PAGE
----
The Odd Reason Why Ants Play Dead in Perfect Synchrony

Ants play dead in perfect synchrony, researchers discover. This is an unprecedented discovery that marks a before and after.

Isabel Cara

We have an unknown world of ants under our feet, hundreds of species of which much is still unknown. Death spirals have been observed among their most erratic behaviors, but now, in a world first, they have been shown to use death to their advantage by intentionally dropping themselves to save their lives.

A team of researchers from the University of South Australia was monitoring possum and bat nests on Kangaroo Island when they came across serendipity. When they opened one of the nest boxes they observed a complete colony of Polyrhachis femorata ants. At first, everything seemed to be clear; the entire colony had suffered a tragic death and were all lying on the floor of the nest, but suddenly there were small movements, and it turned out that they were not dead!

After a while, the whole colony began to move little by little. It was all a mimetic strategy to deceive their predators. This type of behavior has been observed in some other insects, but always individually. However, this time it was different, as there seems to be a kind of communication between the whole colony of Polyrhachis femorata ants; they acted as a well-synchronized entity even to play dead.

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Synchronous Thanatosis

Such behavior has never been observed before in other types of insect colonies. This is why the researchers were really excited because although there is a whole world of ants under our feet, little is known about them. Moreover, this is also the first recorded sighting of Polyrhachis femorata ants on Kangaroo Island in southern Australia.

“The mimicry was perfect. When we opened the box, we saw all these dead ants… and then one moved a little bit. This type of defensive immobility is known only among a few ant species, in individuals or specific molds, but we know of no other cases where it has been observed in entire colonies,” explains wildlife ecologist Topa Petit, who is also a co-author of the paper published in the Australian Journal of Zoology.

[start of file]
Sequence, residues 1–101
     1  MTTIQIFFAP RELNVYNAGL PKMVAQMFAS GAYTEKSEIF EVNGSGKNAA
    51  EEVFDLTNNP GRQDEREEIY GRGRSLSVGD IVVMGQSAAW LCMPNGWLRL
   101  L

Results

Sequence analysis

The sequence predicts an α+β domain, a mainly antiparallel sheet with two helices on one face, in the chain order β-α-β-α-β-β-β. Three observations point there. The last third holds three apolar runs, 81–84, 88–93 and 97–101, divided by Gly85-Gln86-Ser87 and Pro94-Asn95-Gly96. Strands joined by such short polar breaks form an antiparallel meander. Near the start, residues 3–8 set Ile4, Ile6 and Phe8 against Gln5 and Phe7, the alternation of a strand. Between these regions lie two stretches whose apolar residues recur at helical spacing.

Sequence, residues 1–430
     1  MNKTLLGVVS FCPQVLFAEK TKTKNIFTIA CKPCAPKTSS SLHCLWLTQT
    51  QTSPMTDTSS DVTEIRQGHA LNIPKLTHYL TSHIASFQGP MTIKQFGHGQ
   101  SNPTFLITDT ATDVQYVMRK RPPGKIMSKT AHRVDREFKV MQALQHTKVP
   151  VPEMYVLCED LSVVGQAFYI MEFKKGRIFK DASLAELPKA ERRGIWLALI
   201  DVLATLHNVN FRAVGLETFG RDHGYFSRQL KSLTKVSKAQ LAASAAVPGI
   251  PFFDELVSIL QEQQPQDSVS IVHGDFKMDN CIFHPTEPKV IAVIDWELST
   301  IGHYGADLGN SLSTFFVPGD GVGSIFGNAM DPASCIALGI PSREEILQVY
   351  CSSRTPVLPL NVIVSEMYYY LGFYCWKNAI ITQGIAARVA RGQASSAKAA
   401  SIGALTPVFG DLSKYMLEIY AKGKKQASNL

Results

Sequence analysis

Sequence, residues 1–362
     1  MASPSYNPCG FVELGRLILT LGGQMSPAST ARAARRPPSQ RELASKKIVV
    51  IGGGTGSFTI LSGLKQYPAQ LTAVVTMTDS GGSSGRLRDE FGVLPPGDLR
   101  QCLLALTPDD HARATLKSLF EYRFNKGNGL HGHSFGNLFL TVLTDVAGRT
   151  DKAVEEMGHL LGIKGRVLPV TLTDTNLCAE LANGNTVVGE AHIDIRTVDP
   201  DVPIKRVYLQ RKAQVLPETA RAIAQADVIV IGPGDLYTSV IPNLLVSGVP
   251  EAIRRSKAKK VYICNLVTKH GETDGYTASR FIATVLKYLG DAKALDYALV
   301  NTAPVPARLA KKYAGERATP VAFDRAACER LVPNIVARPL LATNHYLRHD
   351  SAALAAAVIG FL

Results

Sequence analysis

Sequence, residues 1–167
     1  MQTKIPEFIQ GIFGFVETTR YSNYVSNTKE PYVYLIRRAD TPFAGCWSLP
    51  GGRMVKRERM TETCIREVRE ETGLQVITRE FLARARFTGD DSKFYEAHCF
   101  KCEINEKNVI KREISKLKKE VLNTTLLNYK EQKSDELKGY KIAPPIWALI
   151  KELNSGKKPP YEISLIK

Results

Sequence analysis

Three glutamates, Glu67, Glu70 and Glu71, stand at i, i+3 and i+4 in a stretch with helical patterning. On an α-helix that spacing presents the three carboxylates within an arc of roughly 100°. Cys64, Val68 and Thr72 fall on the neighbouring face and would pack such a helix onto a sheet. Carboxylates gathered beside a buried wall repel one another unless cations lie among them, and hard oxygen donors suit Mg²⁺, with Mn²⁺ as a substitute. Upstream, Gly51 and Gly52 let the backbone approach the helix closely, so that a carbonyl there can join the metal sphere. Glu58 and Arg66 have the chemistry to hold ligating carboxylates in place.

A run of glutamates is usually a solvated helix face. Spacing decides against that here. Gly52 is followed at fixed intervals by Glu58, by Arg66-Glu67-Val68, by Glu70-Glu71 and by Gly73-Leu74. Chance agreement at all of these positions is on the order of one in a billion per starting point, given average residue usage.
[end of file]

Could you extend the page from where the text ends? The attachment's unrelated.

Although the behavior of the colony as it synchronously became dead is a world first, Petit explains that it is not that simple. “In some of the boxes containing colonies of Polyrhachis femorata, some individuals took a while to stop moving, and others did not stop. The triggers for the behavior are difficult to understand.”

The research team has said that it is possible that the behavior of falling over dead, called thanatosis, is also present in other ant colonies. So they hope their research will help other ethologists understand more about ants, insects that are little studied.

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An Endangered Species

The Kangaroo Island Nest Box Project aims to monitor 901 box cavities on 13 diverse properties as part of wildlife recovery efforts following the devastating wildfires of 2020. The program is charged with keeping safe possums and bats that suffered massive destruction of their natural habitats following the wildfires.

Now that the project has allowed researchers to learn not only about mammals but also about invertebrates, they have discovered that the species Polyrhachis femorata was probably also severely affected by the fires. But there is hope after the discovery: “Polyrhachis femorata is strongly associated with the critically endangered Narrow-Leaf Mallee community, where it colonized several boxes very quickly. However, we also have records from two other properties further west, indicating that the ants will use other habitats.”

Story written in Spanish by Alejandra Martínez in Ecoosfera